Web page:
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Descripción de la editorial
Silk Chutes and Hard Fighting: U.S. Marine Corps Parachute Units in World War II is a brief narrative of the development, deployment, and eventual demise of Marine parachute units during World War II. It is published to honor the veterans of these special units and for the information of those interested in Marine parachutists and the events in which they participated.
Contents: The Jump Into Parachuting * Rendezvous at Gavutu * Tasimboko * Edson's Ridge * Recuperation and Reevaluation * Choiseul * Bougainville * The Closing Shock
Here is an excerpt:
U.S. Marine Corps Parachute Units in World War II - At 0430 on 10 May 1940, the German Army launched its offensive in western Europe by crossing the borders of neutral Holland, Belgium, and Luxembourg. Five minutes prior to that, nine Luftwaffe gliders had swooped out of the dark sky and landed on a patch of ground that covered the roof of Eben Emael fortress, the key position in Belgium's defensive line fronting on the Albert Canal and Meuse River. The 60-odd men of a parachute-engineer detachment quickly debarked and set about their well-rehearsed work. Using newly developed shaped charges, they systematically destroyed the armored cupolas housing the fort's artillery pieces and machine guns. Although Eben Emael's 1,200 defenders held out below ground for another 24 hours before surrendering, the fort had ceased to be a military obstacle. The paratroopers lost just six killed and 15 wounded. Simultaneously with this assault, a battalion of German parachute infantry seized two nearby bridges and prevented sentries from setting off demolition charges. These precursor operations allowed two panzer divisions to cross the Meuse on 11 May and collapse Belgium's entire defensive line. Germany's remaining five parachute battalions conducted similar missions in Holland and achieved substantial results. In the course of a few hours, 4,500 parachutists had opened the road to easy conquest of the Low Countries and laid the groundwork for Germany's amazingly swift victory in the subsequent Battle of France. These stunning successes caused armed forces around the world to take stock of the role of parachutists in modern war.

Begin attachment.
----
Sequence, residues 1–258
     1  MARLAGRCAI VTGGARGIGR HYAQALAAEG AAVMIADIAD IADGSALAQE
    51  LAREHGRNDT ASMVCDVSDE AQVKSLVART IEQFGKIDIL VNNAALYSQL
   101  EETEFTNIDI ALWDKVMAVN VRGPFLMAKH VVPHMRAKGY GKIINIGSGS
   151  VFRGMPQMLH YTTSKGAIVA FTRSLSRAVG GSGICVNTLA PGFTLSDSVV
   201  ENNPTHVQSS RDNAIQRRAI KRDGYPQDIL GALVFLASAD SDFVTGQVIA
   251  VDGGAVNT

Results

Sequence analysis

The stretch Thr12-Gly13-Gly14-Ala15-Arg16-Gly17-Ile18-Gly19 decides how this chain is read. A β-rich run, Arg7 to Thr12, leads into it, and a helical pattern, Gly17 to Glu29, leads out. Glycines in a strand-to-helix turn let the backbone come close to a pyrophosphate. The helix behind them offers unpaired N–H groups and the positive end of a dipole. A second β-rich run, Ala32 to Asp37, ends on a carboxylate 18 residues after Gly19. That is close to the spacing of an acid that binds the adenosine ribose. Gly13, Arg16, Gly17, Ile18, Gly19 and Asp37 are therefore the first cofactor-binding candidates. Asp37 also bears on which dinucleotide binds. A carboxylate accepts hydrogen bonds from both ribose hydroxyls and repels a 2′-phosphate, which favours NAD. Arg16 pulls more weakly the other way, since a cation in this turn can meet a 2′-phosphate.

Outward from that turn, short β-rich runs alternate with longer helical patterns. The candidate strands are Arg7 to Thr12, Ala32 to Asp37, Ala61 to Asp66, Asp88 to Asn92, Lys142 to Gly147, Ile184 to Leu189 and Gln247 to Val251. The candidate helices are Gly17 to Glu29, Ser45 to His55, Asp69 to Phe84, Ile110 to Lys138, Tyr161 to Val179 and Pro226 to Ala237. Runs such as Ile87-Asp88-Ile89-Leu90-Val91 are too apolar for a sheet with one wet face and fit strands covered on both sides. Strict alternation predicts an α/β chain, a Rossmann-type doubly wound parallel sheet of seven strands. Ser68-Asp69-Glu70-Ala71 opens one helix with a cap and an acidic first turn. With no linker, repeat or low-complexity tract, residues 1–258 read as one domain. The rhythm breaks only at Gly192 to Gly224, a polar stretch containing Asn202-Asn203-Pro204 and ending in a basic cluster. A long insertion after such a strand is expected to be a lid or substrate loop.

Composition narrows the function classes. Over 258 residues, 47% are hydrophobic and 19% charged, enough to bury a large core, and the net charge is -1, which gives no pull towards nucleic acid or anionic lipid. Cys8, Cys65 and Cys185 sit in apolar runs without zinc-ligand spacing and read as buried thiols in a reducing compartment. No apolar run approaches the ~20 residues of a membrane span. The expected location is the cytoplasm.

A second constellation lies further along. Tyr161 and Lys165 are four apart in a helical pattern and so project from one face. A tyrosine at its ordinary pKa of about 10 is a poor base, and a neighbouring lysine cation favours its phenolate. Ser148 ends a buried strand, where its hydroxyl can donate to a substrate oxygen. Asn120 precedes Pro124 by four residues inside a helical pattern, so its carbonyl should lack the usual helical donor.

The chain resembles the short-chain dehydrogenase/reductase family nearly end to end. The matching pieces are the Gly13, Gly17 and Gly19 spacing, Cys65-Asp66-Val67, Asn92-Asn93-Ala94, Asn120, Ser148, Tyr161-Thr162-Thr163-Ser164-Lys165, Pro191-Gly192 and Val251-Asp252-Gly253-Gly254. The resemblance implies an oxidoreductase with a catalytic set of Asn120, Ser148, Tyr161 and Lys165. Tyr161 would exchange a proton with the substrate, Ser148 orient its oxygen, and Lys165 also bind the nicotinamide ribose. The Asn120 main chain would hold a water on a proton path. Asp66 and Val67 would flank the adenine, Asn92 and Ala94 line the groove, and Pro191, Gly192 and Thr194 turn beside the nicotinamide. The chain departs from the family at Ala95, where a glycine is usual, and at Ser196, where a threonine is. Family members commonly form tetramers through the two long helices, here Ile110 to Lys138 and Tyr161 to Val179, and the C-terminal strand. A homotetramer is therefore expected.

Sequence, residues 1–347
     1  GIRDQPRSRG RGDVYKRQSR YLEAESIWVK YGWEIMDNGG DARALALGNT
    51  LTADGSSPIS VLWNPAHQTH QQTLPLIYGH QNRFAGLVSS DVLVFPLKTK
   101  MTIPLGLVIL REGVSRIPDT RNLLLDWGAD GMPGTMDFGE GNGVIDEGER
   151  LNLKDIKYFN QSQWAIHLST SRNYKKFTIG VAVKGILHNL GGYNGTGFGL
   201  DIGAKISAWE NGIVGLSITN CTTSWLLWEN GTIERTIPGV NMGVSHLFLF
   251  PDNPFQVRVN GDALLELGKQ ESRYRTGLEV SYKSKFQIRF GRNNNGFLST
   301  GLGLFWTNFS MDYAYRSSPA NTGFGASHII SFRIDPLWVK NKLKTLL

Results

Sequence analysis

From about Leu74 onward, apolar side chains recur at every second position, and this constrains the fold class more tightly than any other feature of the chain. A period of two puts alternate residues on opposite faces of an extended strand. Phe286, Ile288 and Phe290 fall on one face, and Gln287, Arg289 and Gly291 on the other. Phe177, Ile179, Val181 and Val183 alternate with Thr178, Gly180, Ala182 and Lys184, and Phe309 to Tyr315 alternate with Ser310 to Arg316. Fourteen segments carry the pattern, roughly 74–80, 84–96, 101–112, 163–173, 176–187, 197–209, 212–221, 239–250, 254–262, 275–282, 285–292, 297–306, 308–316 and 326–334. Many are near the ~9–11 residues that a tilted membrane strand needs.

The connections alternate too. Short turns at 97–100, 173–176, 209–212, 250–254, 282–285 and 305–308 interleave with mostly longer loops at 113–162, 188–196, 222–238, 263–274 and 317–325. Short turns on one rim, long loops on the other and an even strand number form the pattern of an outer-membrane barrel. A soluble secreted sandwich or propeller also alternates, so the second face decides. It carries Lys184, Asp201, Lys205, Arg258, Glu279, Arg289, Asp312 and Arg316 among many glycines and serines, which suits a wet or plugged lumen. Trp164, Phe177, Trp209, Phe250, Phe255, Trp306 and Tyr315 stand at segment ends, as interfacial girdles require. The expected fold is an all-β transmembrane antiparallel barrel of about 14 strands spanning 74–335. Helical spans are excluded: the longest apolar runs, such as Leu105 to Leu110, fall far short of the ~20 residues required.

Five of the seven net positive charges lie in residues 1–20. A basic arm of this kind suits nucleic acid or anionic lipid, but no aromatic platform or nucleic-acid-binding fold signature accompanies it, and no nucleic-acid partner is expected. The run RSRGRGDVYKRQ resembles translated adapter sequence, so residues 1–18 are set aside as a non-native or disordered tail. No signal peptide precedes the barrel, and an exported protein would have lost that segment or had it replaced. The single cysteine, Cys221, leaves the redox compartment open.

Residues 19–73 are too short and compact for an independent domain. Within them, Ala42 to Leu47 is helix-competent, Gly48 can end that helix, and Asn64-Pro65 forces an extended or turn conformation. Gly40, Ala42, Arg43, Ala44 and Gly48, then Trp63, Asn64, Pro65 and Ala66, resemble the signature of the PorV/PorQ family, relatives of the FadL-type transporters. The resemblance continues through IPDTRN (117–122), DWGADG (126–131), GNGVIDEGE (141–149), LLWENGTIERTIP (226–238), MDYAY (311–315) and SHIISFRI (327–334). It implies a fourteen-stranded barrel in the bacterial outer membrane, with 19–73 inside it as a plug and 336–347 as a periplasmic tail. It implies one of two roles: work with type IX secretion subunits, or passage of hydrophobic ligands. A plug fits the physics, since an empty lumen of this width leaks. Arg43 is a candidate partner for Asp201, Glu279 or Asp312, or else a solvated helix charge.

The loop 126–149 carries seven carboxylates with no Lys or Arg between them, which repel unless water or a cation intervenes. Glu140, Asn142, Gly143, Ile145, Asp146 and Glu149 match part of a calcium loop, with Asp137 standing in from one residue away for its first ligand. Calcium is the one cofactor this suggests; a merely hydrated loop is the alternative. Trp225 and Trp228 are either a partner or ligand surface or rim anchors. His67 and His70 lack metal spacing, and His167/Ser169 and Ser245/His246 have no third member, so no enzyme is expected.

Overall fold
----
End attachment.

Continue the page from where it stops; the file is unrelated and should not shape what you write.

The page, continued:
The Jump into Parachuting - The widely publicized airborne coup in the Low Countries created an immediate, high-level reaction within the Marine Corps. On 14 May the acting director of the Division of Plans and Policies at Headquarters Marine Corps issued a memorandum to his staff officers. The one-page document came right to the point in its first sentence: "The Major General Commandant [Thomas Holcomb] has ordered that we prepare plans for the employment of parachute troops." The matter was obviously of the highest priority, since Colonel Pedro A. del Valle asked for immediate responses, which could be submitted "in pencil on scrap paper." Perhaps as telling, the memorandum did not direct a mere study, but the creation of a course of action.